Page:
Tuesday, September 12, 2000

Parker's road to Sydney goes through Fort Benning




By Michael Perry
The Cincinnati Enquirer

        When Jason Parker graduated from Xavier in 1996, he knew that he wanted to continue competitive shooting and take his best shot at the top of his sport: the Olympics.

        He had two choices: Join the U.S. team, move to Colorado Springs to train and live on a meager stipend; or join the Army, become part of its marksmanship team and receive a sergeant's salary to train and compete and help the Army recruit.

        In January 1997, Parker enlisted. He is stationed at Fort Benning, Ga., where his main military job is to win medals for the United States.

PARKER'S EVENT
  • What: Men's 10-meter air rifle
  • When: Sept.17 in Cincinnati (Sept. 18 in Australia)
  • Details: Parker has 1 hour, 45 minutes to take 60 shots from a standing position; every shot has a value of up to 10 points (final scores should be around 595 of 600).
  He will stand 10 meters from his target, which is the size of a period at the end of this sentence.
  The top eight after that round advance to the final, where they take 10 more shots, to be scored from 10.0 to 10.9 (average score in international competition should be around 102 out of 109).
  Scores from both shoots are combined to determine winners.
        That's exactly what he's going to try to do in Sydney, Australia, when the XU alum competes for the U.S. Olympic Shooting Team in the 10-meter air rifle competition.

        “I don't know what quite to expect,” Parker, 26, said before leaving the country. “It hasn't set in yet.

        “The U.S. has one of strongest teams across the board. I'm going to say we're going to come back with a couple medals for sure; I just don't know who's going to do it.”

        This is, of course, the fulfillment of a lifetime dream.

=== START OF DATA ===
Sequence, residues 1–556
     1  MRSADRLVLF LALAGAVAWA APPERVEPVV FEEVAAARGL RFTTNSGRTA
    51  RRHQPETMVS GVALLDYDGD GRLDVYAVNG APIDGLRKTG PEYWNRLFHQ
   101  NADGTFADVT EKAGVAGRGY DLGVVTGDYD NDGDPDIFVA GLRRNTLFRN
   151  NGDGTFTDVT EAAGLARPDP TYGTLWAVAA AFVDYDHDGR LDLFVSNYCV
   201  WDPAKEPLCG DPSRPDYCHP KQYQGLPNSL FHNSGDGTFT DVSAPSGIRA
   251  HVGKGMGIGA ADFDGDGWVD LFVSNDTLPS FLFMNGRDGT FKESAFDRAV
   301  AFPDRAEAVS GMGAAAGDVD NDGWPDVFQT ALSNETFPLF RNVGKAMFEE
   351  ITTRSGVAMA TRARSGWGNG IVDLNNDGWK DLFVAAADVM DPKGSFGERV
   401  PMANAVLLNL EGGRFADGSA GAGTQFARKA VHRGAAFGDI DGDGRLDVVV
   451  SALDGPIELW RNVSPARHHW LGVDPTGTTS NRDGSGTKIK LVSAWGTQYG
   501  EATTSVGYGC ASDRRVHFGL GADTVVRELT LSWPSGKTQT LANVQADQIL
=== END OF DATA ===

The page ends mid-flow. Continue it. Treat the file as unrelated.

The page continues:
Parker, from Omaha, Neb., was shooting BB guns in the woods at 3 years old. By age 6, he was hunting squirrels and rabbits, and later dove and deer. He enjoyed being outdoors.

        At 13, his father — a former competitive shooter in high-powered rifle — bought Parker his first competition air rifle.

        He did well. So well, in fact, that Dale Parker started telling his son that he could be an Olympian someday.

        “I never forgot about it,” Jason Parker said. “I always talked about it. In high school, I was fairly competitive. I told my friends I wanted to go to the Olympics. Some of them were like, "Yeah, right.'

        “When you start off, you progress so fast. I think that's why I stuck with it. I just liked being good at something.”

        Example? When Parker first started out, he'd score 250 out of 400 in 40-shot matches. Now, he'll score around 396 or 397 in a 40-shot match.

        “What separates top shooters from other ones is the ability to handle pressure,” Parker said. “I've always enjoyed that part of it. I generally handle it pretty well. The higher level you get to, the more mental it becomes. In practice, I've seen a lot of people shoot high scores, but they just can't do it in competition because there's more pressure.”

        At the 1996 Olympic trials, he finished eighth; he needed to be in the top two to make the team.

        In 1998 in Munich, Parker set two world records — one of which still stands.

        At Fort Benning, he works with at least eight former Olympians and said there are probably 20 in the marksmanship unit.

        “It's not a consistent sport,” said Parker, whose wife Andrea is also a former All-American Xavier's rifle team. “There's always somebody close to you. Air rifle is usually decided by two or three points. It's very unpredictable. You can go there and have one of your best days and not win the match. The top 15 people in the world can win on any given day.”



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